For Reporting Western Chorus Frog, Least Bittern, King Rail, and Yellow Rail Locations and Activity

Bird Studies Canada - Ontario Region is initiating a 3 year project on the Western Chorus Frog (Pseudacris triseriata), Least Bittern (Ixobrychus exilis), King Rail (Rallus elegans), and Yellow Rail (Coturnicops noveboracensis). The goal is to increase our knowledge and understanding of the distribution and habitats of these rare species.

Please submit reports on locations of these species using this dataform. You will need to complete a separate form for each location.

Western Chorus Frogs are the earliest breeding frog in Ontario, breeding as early as March. Ideally the best time to hear Western Chorus Frogs is during the first few warm days of early spring, when temperatures rise just above 5° Celsius and often when there is still plenty of snow on the ground and even some ice on the water.

Don't expect to actually see Western Chorus Frogs as you are much more likely to hear them especially in wet areas containing or edged by trees or shrubs. They are especially fond of shallow fishless wetlands with vegetation, such as flooded pastures or ditches. Their call is similar to running your thumb nail over the fingers of a plastic comb, but it can sound extremely similar to a trilling call given by Spring Peepers, which is more musical and whistled in quality, so please be as careful as possible to ensure you are identifying the calls you hear correctly. You can visit this link to hear their calls

You can also watch a video clip at: Or, for more information visit Ontario's Reptile and Amphibian Atlas at

Least Bitterns, King Rails, and Yellow Rails return to their breeding territories in May. The best time to observe them is early in the morning or in the evening, when it is calm. Like Western Chorus Frogs, don’t expect to actually see these extremely secretive species. You are much more likely to hear them calling as they interact with their mates or defend their territories within dense wetland vegetation. Least Bitterns and King Rails prefer cattail-dominated marshes, whereas Yellow Rails prefer grass or sedge-dominated wetlands or flooded meadows, including flooded pastures. For more information on Least Bittern, King Rail, and Yellow Rail, especially how to identify their calls, visit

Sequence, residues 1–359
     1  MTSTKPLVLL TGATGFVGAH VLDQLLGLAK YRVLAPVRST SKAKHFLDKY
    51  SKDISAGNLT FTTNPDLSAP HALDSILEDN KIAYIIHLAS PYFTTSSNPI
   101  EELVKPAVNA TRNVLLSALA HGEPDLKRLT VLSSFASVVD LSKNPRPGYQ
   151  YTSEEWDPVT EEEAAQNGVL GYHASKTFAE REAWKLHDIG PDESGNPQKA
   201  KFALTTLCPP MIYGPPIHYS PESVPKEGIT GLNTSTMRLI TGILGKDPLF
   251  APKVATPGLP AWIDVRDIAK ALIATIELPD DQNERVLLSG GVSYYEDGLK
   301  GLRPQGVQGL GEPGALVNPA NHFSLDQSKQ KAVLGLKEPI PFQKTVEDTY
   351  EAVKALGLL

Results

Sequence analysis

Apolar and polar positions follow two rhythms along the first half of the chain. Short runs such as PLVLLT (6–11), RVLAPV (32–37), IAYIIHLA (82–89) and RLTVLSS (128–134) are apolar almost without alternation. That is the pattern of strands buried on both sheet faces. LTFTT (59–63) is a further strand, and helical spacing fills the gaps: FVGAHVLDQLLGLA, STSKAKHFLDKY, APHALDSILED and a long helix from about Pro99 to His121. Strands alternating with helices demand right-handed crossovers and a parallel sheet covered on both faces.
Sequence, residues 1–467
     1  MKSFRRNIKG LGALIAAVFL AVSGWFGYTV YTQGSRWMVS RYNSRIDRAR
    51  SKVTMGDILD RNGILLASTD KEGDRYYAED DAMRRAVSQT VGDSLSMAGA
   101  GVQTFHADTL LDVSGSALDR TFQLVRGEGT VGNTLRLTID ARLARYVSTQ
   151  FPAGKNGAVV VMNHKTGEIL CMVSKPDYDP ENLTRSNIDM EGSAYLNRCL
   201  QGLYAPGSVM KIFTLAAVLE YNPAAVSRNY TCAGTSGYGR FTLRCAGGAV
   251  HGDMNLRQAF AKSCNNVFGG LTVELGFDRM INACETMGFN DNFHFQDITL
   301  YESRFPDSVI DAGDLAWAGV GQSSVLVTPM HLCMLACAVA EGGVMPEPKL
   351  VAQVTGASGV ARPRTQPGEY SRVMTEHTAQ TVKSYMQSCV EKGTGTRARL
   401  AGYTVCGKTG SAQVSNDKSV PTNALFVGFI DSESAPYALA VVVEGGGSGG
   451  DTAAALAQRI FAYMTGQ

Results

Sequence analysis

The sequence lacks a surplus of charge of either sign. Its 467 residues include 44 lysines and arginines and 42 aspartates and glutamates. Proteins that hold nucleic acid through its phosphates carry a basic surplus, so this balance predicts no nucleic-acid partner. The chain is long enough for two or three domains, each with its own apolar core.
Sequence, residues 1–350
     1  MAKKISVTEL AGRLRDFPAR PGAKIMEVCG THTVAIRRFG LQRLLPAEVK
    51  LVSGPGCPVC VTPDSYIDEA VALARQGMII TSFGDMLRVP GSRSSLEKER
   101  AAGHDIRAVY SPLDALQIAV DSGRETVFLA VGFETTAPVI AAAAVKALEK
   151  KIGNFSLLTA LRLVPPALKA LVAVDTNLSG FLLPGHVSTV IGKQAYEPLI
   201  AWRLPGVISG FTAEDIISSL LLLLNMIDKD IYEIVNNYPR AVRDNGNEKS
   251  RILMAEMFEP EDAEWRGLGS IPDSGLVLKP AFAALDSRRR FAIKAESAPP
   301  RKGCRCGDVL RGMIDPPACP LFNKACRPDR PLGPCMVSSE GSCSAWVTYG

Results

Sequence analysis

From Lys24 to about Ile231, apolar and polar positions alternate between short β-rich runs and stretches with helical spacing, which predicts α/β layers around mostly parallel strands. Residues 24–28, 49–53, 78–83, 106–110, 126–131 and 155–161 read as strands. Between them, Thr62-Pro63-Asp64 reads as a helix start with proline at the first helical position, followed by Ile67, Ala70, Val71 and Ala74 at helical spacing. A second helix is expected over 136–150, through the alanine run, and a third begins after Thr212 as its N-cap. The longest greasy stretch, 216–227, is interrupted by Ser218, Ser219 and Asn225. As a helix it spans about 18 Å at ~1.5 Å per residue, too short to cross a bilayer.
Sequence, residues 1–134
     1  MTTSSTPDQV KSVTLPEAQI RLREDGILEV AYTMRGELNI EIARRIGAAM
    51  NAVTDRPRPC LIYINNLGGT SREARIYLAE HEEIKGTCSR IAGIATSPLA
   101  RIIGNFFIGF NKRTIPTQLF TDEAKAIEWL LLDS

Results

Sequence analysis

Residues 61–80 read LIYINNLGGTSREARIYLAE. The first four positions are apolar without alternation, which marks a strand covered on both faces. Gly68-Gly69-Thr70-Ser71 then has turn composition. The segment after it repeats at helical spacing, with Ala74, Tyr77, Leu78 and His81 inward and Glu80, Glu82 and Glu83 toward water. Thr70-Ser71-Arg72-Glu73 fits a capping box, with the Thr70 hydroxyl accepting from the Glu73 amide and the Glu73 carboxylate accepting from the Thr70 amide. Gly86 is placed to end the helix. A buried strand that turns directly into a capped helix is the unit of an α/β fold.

If you have any questions or Comments please contact Kathy Jones the Ontario Volunteer Coordinator at or 1-888-448-2473 ext. 124.

The Ontario Chorus Frog and Marsh Bird Species at Risk Project shares its data with the Ontario Reptile and Amphibian Atlas Project and Ontario’s Natural Heritage Information Centre.

This project was undertaken with the financial support of the Government of Canada through the federal Department of Environment. ____________________________________________________________________________________________________________________________________________________________________